That gift horse, now renamed Quinn Himself, became a turning point for Martin, who knew he owed it to himself, the surviving horses and the rest of his team to pick up the pieces. Now his sights are set on rehabilitating the horses, who were all injured in the fire, especially Neville, who has severe burns in his throat from smoke inhalation.

“There are not many cases of burned throats,” Martin said. “It’s not like with a bowed tendon or a broken leg where they can tell you how many months it will take to heal. With this, the vets at New Bolton have nothing to compare to, so no one really knows.”

Martin plans to take Neville’s recovery day by day, working with vets to ultrasound and scope Neville’s throat to check the healing progress of the burns and x-raying his chest to check for soot and smoke in his lungs. Already, Martin and the vets at New Bolton have been stunned at Neville’s rate of recovery.

“He has a true fighting spirit,” Martin said. “When the going gets tough on the cross country course he has the ability to dig deep when he’s tired. He’s showing the same sort of determination now in his recovery.”

Martin and Neville originally had their sights set on competing at Burghley in England in September, but the chances of the horse recovering quickly enough to make the trip are slim. Martin hopes Neville might be well enough to compete in France by mid-October, but admits he will be thrilled if the horse simply makes a full recovery.

“Getting Neville out was the best thing I’ve ever done. It also might have been the stupidest thing, but it was a wonderful feeling rescuing him,” Martin said. “If Neville never did another thing in his life, I would still be happy. The main thing is to have him here with us. But something inside me tells me he still has more to give and we will see him competing on an international level again.”

Support from ‘Family’
The eventing community and the whole of the horse world have watched with bated breath as each of the five surviving horses were released from New Bolton within two weeks of the fire. The outpouring of donations and support from people all around the world has both shocked and encouraged Martin.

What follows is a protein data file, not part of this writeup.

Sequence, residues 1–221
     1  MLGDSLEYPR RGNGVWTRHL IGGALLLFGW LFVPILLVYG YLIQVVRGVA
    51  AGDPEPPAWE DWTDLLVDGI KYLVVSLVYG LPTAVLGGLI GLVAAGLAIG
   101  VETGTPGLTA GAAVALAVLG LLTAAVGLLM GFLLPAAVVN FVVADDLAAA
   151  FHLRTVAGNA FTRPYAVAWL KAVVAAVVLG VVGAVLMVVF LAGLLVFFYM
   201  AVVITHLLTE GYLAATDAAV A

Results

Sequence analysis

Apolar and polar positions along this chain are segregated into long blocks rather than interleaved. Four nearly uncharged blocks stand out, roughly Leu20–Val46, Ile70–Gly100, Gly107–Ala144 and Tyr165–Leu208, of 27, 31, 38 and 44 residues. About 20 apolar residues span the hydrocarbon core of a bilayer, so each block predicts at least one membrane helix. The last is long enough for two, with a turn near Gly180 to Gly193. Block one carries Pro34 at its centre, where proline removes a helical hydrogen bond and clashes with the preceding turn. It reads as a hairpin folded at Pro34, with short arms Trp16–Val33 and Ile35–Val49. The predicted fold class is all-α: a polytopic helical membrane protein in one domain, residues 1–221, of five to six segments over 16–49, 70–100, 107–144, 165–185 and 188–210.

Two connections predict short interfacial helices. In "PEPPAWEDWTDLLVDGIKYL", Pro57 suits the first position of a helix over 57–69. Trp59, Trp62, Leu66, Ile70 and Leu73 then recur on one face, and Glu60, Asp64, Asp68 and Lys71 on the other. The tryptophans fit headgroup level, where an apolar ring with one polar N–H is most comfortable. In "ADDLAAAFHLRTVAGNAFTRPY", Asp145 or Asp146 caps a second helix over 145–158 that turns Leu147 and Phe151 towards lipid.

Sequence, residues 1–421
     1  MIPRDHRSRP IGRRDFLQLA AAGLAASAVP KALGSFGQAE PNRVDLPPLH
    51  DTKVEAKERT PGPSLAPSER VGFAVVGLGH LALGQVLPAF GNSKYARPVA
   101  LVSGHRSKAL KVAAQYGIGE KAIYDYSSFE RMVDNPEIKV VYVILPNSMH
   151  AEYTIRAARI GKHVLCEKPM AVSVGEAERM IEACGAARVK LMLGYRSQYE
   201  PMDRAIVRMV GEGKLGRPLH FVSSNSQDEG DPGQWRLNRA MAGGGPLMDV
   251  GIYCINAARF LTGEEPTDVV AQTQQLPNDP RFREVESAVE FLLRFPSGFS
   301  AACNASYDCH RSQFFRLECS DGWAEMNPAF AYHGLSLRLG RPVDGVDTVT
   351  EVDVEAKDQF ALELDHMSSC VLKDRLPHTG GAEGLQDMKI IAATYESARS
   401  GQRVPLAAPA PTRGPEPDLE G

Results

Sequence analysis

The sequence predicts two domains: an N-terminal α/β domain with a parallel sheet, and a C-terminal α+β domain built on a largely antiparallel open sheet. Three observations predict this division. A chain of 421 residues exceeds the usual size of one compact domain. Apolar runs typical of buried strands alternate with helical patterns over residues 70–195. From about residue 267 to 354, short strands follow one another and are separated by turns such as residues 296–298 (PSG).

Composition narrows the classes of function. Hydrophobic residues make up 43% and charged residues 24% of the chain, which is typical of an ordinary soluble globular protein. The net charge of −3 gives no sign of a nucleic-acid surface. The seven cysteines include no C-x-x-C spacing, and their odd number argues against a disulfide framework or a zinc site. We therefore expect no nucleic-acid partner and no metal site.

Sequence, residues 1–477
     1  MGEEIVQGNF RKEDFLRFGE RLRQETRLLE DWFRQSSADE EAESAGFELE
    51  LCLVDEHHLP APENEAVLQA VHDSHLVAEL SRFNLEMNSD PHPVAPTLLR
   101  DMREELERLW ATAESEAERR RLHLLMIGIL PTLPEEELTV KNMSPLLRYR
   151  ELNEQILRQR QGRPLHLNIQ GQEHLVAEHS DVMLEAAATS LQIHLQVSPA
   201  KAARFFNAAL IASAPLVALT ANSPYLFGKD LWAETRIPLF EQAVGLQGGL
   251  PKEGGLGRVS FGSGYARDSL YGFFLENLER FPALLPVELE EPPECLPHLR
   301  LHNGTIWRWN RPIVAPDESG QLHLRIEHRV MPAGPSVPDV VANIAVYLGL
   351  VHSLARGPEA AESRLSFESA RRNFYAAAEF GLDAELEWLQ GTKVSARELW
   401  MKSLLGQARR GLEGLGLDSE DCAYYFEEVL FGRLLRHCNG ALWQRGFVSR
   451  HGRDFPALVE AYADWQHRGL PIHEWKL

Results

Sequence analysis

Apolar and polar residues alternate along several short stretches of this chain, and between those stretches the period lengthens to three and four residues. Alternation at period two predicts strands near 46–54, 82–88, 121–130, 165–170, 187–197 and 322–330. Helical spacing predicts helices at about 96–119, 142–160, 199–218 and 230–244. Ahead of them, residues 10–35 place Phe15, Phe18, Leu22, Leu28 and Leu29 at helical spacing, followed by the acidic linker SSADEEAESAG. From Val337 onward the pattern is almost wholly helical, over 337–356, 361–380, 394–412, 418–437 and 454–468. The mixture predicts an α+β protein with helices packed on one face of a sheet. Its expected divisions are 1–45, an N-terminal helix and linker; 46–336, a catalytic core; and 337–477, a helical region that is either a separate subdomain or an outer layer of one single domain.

“That’s what I love about America and horse people,” Martin said. “They understand what it’s like to lose a special friend. I lost six in one night, and without the emotional support from the eventing community, our recovery would take so much longer.”

Martin received countless phone calls and emails and more than 150 text messages in the days following the fire. Eventing great Jimmy Wofford called him the morning of the fire, letting Martin know he was welcome to take any of his equipment. Show jumping legend Katie Prudent sent Martin a horse to train in his program as a way to encourage him. Eventing superstar Bruce Davidson visited with Martin the week of the fire to give him a pep talk.

“It was quite moving and humbling to have people go out of their way to reach out to you,” Martin said. “For Bruce to make an effort to talk to me was very inspiring.”

Stedt, who fell off her horse and broke her shoulder a week after the fire, also visited regularly with Martin in the days and weeks following the fire. She said that although she knows he is “completely devastated,” she also knows Martin will refuse to let himself be defined by this tragedy.

“The fact that he ran back into the burning barn to save Neville is a testament to true horsemanship,” Stedt said. “Once you have a horrible day like that, the good days seem great and the bad days don’t seem quite so terrible.”

They say time heals all wounds. Martin and the rest of his team will never forget the horrible tragedy that claimed the lives of six horses, but, eventually, the emotional and physical scars will heal.

“In time, I’ll get back on my feet,” Martin said. “I’ve lost the wind in my sails for now, but it won’t be like that forever.”

How to Donate
As Martin and his team cope with the fire aftermath, he faces the loss of more than $100,000 in equipment and a third of his business. All donations will go to the medical bills for the five surviving horses first and then to helping Martin rebuild.

To donate to the fire relief funds, visit to access the PayPal links. Donations can also be accepted by mail to The American Horse Trials Foundation, 221 Grove Cove Road, Centreville, MD 21617. Please note “Boyd Martin” on checks.